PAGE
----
A recent study conducted with Swedish blood donors from the University of Uppsala and the Uppsala University Hospital revealed that the number of previously unrecognized cases of the Tick-borne Encephalitis Virus (TBEV) is much higher than previously thought. The findings, published in the Eurosurveillance journal associated with the European Centre for Disease Prevention and Control, indicated that a significant percentage of blood donors showed traces of prior TBEV infection than what was presumed from the reported cases.
„We were very surprised to find such a high percentage of blood donors with evidence of a previous TBEV infection. This is much more than what could have been expected based on the reported cases,“ said Bo Albinsson, a doctoral student at Uppsala University and one of the lead authors of the study.
Bo Albinsson, Doctoral Student at Uppsala University
Tick-borne encephalitis (TBE) is a severe disease that is becoming more common in many parts of Europe. In Sweden, for example, the highest number of cases, 597, of this disease were reported in 2023, according to statistics from the Swedish Public Health Agency.
However, people who develop only mild symptoms or show no symptoms at all are not captured by health services and therefore do not appear in the official statistics. Thus, the relationship between the reported cases and the proportion of infected people was previously unknown.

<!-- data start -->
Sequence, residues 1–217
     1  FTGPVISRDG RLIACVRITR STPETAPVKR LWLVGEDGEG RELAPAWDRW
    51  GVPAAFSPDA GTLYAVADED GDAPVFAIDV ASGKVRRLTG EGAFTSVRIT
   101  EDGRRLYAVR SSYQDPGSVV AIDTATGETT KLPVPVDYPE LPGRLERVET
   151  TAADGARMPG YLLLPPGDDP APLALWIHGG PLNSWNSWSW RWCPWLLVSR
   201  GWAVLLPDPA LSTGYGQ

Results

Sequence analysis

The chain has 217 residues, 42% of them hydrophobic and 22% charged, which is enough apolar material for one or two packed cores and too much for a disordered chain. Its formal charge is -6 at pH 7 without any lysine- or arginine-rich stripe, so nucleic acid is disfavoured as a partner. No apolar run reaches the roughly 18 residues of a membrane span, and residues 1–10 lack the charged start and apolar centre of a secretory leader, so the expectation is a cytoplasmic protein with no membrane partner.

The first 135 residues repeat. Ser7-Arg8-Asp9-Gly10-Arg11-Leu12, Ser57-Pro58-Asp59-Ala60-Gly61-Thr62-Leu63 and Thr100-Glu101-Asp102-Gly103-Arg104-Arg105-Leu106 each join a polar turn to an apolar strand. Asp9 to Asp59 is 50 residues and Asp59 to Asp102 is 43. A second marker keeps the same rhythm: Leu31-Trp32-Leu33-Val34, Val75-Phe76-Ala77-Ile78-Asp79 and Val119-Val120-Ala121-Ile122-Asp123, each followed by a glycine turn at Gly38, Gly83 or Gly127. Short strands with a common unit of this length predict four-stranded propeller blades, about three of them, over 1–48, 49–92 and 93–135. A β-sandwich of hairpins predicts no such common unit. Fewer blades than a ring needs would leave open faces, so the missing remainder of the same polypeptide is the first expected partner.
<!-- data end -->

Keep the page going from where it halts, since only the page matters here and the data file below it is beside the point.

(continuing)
Conventional methods to determine prior TBEV infections are not entirely reliable as those who have been vaccinated against TBE could also test positive. Furthermore, there is no national vaccination registry against TBEV in Sweden, making it difficult to accurately estimate the number of vaccinated individuals.
In the study, blood tests from 2,700 anonymous blood donors from nine regions in Sweden were examined. The researchers used the TBE-SMIA (Suspension Multiplex Immunoassay) method developed at Zoonosis Science Center (ZSC) of Uppsala University in collaboration with the Department of Clinical Microbiology at Uppsala University Hospital. This method effectively distinguishes the antibody response after a TBEV infection from the reaction after TBE vaccination, enabling researchers to accurately determine the extent of prior infections and estimate the proportion of vaccinated population in each region.
The results showed that the proportion of blood donors with a history of TBEV infection ranged from 1 to 7% in different regions, which corresponded to more than 160,000 people aged 15 to 65 years, overall. This was significantly higher than previous estimates. The researchers also found that the proportion of blood donors vaccinated against TBEV in the different regions ranged from 8.7 to 57%, totaling over 1.6 million individuals aged 15 to 65 years in the studied regions.
„Of note is that the number of confirmed TBE cases is increasing despite the relatively good vaccination coverage. Further research is therefore necessary, such as careful mapping of the distribution of the virus in different tick populations. Our results provide an important background for future vaccination strategies, and we believe that the establishment of a national vaccination registry against TBEV is worth considering,“ said Tove Hoffman, researcher at ZSC and another lead author of the study.
The study was funded by the European Union (Horizon 2020) and SciLifeLab (Pandemic Laboratory Preparedness).
Albinsson, B., et al. (2024) Seroprevalence of tick-borne encephalitis virus and vaccination coverage of tick-borne encephalitis, Sweden, 2018 to 2019. Eurosurveillance. doi.org/10.2807/1560-7917.ES.2024.29.2.2300221.